Science

Judge rules: Elon Musk may change his Twitter complaint to include whistleblower exposés

Tesla CEO Elon Musk may amend his lawsuit against Twitter to include whistleblower charges, a Delaware judge ruled on Sept. 7.

Chancellor Kathleen McCormick said the state law requirements for the amendment were low. The Court “rarely refuses amendments”.

Judge McCormick dismissed Twitter’s arguments that the amendment was useless. However, she declined to comment further on the merits of the counterclaim pending resolution of the dispute.

She sided with Twitter, keeping the dates of the hearings and declining Musk’s request for them to be postponed. Thus, the billionaire will have little time to expand the whistleblower’s research.

“The defendants are allowed to make additions only in connection with new charges. This disclosure can be made by handing over targeted documents and at least ordinary or expert witnesses. The parties should immediately consult to try to agree on reasonable parameters regarding the communication of additional elements,” we can read in the five-page judgment of Judge McCormick.

Twitter did not immediately respond to a request for comment.

“We hope that defeating the proposed amendment will bring us closer to the truth in this courtroom,” Musk’s lawyer Alex Spiro said in an email to The Epoch Times.

Informant

Peter Zatko, known to some as Mudge, recently made the announcement on Twitter.

Mr. Zatko, Twitter’s former head of security, said the company lied to Musk about the bot accounts.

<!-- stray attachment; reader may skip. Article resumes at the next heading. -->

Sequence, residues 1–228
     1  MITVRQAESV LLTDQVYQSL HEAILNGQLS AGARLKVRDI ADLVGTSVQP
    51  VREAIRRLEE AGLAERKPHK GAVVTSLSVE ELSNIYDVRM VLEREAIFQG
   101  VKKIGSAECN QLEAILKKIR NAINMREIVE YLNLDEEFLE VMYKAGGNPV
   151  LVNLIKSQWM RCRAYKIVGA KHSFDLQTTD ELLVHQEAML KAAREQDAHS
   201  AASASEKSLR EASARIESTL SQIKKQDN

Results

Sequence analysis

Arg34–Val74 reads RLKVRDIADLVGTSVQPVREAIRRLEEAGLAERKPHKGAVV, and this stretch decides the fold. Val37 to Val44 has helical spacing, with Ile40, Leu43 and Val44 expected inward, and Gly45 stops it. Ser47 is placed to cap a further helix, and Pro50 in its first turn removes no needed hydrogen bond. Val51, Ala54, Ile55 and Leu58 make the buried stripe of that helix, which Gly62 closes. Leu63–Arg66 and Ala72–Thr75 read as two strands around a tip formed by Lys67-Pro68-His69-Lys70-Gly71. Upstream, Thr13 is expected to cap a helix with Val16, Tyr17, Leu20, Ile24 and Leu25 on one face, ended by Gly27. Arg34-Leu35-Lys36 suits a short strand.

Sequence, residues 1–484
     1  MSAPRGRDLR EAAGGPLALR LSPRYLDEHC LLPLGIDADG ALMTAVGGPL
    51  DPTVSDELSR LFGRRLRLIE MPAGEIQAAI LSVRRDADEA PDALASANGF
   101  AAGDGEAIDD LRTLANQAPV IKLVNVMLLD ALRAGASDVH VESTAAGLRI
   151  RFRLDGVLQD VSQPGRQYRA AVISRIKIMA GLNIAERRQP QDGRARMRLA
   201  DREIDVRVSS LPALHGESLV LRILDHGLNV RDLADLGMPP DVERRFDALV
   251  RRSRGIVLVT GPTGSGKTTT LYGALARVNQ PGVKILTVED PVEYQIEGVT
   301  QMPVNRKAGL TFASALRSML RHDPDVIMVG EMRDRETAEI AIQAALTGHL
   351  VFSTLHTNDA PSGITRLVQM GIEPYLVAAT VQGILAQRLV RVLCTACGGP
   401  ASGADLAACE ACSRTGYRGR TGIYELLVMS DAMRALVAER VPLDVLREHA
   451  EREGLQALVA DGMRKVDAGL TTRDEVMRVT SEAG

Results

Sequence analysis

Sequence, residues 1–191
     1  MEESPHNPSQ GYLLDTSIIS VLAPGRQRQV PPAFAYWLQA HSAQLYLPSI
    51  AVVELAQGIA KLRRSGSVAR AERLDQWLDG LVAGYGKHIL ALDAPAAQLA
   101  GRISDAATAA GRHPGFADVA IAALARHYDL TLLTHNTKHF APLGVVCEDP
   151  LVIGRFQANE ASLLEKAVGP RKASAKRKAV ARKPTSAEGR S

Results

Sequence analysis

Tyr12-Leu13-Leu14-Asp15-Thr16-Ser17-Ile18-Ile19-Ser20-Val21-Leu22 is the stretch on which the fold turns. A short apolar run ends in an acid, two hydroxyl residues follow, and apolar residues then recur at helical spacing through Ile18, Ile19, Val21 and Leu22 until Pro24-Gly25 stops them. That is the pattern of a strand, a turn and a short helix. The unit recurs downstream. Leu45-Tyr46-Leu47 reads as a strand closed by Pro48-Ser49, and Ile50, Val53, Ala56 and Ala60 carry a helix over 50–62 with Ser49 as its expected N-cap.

After his intervention, Musk sent a letter asking him to cancel the deal. Referring to the disclosure of the whistleblower, the letter said: “If true, this demonstrates that Twitter has violated … the terms of the merger agreement.” Musk also requested that his counterclaim be supplemented with statements from the former security chief.

In July, Twitter sued Musk for pulling out of a $44 billion acquisition deal. Twitter then claimed that Musk had violated a legal agreement. Musk counterattacked in August by accusing Twitter of being a scam, partly because of misinformation about the number of bot accounts found on the platform.

Musk also called for the trial to be moved from October 17 to mid-November, arguing that the delay would help mitigate the damage done by Twitter.

But Judge McCormick refused.

“Above, I dismissed defendants’ arguments in response to Twitter’s motion to expedite proceedings, arguing that the longer the delay before trial, the greater the risk of irreparable harm to Twitter. Indeed, Twitter demonstrated that the risk of anticipated harm materialized in the course of the trial,” she said. Twitter told the judge that the employees were tired of the lawsuit and upset that they had to work under the merger agreement.

“I’m convinced that even a four-week delay could cause further damage to Twitter, too much to justify,” she concluded.

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